Tuesday, February 23, 2010

Starkbier - Dopplebock Lager

I decided over the winter to give a try at my second lager. I'm pretty inexperienced with them, but have slowly been learning how to properly lager. I decided on a dopplebock, partially due to the ingredients I had on hand back in January when I brewed this. I am not even sure where I got the recipe, I know I fudged a lot of it.. I thought the 1/2 lb. of chocolate grains was too much after brewing - it actually turned out to be pretty damn good.
I thought I would call this Starkbier, based on the post lent happenings in Germany right now (that I only learned about this year). After the long winter, Germans will make Starkbier (strong beer). This Starkbier is a stronger bock (Dopplebock) and is served at the Starkbierzeit events in Munich. This is becoming one of Germany's bigger festivals, as it's not over run by tourists like the Oktoberfest has become.

Stakrbier - Dopplebock Lager (I'll probably rename it once it goes on tap)

6.00 lb German Munich Malt
4.00 lb German Pilsner Malt
4.00 lb US Caramel Munich 60L Malt
0.50 lb US Chocolate Malt
0.25 lb US Caramel 120L Malt

1.00 oz US Willamette 4.5 % - 60 mins.
1.00 oz US Willamette 4.5 % - 30 Min

DCL W-34/70 Saflager

OG: 1.076 SG
FG: 1.023 SG
ABV: 7.1%

I fermented this for over a month, and did a 2 day diasetyl rest at around 64 degrees. I kegged it and will be lagering at 34 degrees for 30 days, maybe longer. They say the higher the ABV the longer to lager. I did taste it between transitions and it came out pretty awesome. I grabbed some commercial examples this weekend, and I may have hit mine a bit richer with more chocolate and caramel tones, but I came pretty close. Can't wait to try this one when it's finished!

Tuesday, February 16, 2010

West Coast Stout

Since I started brewing, I have been doing a stout every January to put on tap for St. Patrick's Day. Last year I did a Milk Stout (sweet). The year before I did an Oatmeal Stout. This year, since I've been blessed with a mother load of hops at a cheap price (hopsdirect.com), I decided to make a hoppier version of a stout - an American Stout.
Several years ago, I was sitting in Fort Wayne Indiana at Mad Anthony brew pub, drinking a hoppy stout they called "West Coast Stout." I was loving the beer and always thought it would be great to brew something similar. After researching a bit, I found there isn't an exact "West Coast" specific recipe; most refer to anything with more hops as "West Coast," since apparently, the west coast of the US is hoppier than Michigan. Hmm.. Anyhow, it's basically an American Stout. There really isn't a huge hop addition, just a bitter and some Centennial at the end. Anyhow, here's the recipe (mainly from Jamil/Palmer, tweaked a bit - as most all my recipes are!):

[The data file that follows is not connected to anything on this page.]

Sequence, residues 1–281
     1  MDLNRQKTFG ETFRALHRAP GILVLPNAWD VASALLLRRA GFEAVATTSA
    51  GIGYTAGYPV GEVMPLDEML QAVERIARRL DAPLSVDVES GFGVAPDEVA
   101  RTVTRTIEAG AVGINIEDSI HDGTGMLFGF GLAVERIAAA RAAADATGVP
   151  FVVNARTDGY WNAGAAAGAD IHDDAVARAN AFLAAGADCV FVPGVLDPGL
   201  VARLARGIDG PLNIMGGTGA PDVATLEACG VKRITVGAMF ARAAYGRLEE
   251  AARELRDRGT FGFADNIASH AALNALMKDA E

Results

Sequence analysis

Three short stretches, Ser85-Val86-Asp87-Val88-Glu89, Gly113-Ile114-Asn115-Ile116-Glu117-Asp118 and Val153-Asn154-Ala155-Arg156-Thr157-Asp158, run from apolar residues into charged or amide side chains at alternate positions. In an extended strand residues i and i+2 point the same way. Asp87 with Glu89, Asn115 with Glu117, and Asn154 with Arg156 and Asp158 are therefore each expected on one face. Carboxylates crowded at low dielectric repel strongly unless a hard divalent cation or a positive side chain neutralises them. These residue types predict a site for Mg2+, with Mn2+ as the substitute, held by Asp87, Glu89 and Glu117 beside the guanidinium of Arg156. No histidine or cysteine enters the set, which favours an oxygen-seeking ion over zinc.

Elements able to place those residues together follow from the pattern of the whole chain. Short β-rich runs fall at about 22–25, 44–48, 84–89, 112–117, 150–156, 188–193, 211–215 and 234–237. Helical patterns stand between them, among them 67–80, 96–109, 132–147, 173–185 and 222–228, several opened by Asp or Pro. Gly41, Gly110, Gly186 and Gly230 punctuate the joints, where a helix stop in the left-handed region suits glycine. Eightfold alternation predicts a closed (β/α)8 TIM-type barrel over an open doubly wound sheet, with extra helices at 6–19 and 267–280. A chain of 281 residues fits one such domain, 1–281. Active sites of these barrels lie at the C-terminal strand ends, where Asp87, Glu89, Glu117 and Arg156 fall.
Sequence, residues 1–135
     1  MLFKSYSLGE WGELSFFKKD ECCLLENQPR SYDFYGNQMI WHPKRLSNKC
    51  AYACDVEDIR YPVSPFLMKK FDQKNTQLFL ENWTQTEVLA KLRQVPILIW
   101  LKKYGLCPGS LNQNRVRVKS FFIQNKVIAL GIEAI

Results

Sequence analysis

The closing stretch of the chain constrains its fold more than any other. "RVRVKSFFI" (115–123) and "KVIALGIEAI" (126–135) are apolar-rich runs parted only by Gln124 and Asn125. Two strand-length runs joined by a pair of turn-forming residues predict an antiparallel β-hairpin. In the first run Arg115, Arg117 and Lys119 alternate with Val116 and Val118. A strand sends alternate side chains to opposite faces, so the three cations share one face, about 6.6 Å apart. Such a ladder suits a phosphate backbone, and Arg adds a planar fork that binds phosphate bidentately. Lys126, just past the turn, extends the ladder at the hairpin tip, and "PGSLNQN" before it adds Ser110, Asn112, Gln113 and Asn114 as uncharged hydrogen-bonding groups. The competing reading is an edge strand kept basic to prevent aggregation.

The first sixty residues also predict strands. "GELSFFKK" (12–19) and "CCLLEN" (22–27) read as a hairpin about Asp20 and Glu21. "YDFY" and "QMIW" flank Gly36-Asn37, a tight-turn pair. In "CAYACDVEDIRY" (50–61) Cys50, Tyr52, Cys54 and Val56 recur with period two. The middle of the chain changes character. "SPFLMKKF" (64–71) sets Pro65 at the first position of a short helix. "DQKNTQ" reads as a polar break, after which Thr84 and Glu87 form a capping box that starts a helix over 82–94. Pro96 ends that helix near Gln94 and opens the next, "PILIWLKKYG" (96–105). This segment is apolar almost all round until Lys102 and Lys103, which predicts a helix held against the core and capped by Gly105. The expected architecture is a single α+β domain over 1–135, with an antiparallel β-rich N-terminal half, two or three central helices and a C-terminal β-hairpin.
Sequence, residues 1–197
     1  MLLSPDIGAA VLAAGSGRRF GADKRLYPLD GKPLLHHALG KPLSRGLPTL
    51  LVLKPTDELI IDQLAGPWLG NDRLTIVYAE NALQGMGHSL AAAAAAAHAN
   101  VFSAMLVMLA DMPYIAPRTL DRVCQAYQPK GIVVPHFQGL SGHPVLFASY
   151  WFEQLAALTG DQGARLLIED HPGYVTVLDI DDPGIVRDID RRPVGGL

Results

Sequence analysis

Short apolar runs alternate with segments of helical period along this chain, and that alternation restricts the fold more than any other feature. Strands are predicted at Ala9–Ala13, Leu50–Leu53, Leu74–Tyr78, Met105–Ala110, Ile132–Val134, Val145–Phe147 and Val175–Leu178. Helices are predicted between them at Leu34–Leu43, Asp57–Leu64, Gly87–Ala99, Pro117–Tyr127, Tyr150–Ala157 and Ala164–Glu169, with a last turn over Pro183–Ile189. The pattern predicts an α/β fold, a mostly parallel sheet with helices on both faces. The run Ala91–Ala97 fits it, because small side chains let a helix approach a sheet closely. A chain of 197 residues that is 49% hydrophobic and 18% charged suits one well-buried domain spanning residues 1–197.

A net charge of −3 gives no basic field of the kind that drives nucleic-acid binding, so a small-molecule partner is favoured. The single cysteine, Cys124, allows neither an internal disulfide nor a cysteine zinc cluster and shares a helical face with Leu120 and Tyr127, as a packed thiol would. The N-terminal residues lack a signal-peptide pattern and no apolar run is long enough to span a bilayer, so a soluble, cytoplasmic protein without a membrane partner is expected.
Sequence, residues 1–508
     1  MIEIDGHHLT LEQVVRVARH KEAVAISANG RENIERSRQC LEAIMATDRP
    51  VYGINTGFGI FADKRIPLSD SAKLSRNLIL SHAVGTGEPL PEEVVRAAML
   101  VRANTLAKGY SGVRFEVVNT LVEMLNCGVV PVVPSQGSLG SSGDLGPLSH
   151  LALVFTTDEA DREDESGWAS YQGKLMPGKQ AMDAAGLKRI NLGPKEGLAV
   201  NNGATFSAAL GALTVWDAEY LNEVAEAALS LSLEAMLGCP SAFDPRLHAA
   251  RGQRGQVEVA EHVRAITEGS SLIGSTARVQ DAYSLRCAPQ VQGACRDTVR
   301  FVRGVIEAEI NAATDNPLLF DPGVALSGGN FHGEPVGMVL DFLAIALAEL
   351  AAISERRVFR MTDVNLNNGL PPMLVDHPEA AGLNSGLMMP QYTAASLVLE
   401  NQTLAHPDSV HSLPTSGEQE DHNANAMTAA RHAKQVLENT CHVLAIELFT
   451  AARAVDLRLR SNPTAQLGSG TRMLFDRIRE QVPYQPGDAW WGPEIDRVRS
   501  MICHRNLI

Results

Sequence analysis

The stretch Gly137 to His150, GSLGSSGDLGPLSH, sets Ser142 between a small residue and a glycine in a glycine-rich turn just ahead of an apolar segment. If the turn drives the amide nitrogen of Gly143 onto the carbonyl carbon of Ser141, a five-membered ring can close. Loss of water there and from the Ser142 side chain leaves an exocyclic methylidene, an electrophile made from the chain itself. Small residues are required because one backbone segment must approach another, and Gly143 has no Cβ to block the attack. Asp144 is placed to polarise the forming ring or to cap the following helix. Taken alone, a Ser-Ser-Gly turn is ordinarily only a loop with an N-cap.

Dayton Road Brewing West Coast Stout

US 2-Row Malt 11.50 lb
UK Black Malt 0.69 lb
UK Chocolate Malt 0.50 lb
US Caramel 40L Malt 0.50 lb
UK Wheat Malt 0.50 lb (head retention)

S Magnum 12.1 % 1.50 oz - 60 Min From End
US Centennial 8.7 % 1.00 oz - 5 Min From End

SafAle US-05 (Starter)

OG: 1.060
ABV: 6.9% - tasted it while testing the gravity and WOW. Tastes awesome!

Brew session went pretty well. I was brewing another batch at the same time, and made a yeast starter for both of them. This Stout took off fermenting in about 5 hours. I plan to rack it to a secondary after a couple of weeks and tap it closer to St. Pat's day. I'll post back how it is.. I'm really looking forward to a pint of this beer. :)

Monday, February 15, 2010

DRBPA - Dayton Road Brewing Pale Ale

One thing I've learned about brewing is not to rush things. When I first started, I would brew, then literally sit and stare at the carboy day after day. Since, I just brew a bunch more, so I don't really mind some taking longer than others. Plus, as the saying goes... good things come to those who wait.

For kicks, I thought I would try a quick turn around beer, just to see if it was possible. I picked a fairly easy recipe and opted for a packet of dry yeast. This beer took a total of about 2 weeks or about 12 days.
DRBPA (Dayton Road Brewing Pale Ale)

10.90 lb - US 2-Row Malt
0.75 lb - Belgian Caramel Munich Malt 40
0.50 lb - US Caramel 40L Malt
0.50 lb - US Caramel 20L Malt
0.50 lb - German Wheat Malt

1 oz. - US Magnum - 60 min.
.50 oz. - US Centennial - 10 min.
.50 oz. - US Cascade -10 min.
2 oz. - US Cascade - 0 min.
.50 oz. - US Centennial - 0 min.

Safe-ale US05

OG: 1.060
FG: 1.011

I should have made a starter, because this took a bit to start. But it did ferment out in about a week and a half. I put this right in the keg, and chilled it. Carb'd it the next day and we were enjoying it the Saturday before the Super Bowl. Everyone seemed to enjoy it. Right now, it's a bit too sweet for me and unbalanced. I'm letting it sit for a bit and will go back to it another day. It's not bad, just like I said, pretty sweet. I'm thinking due to all the caramel malts I used.
The picture above is a growler full of it at a Super Bowl party. The color was gorgeous, I just had to take a picture. :)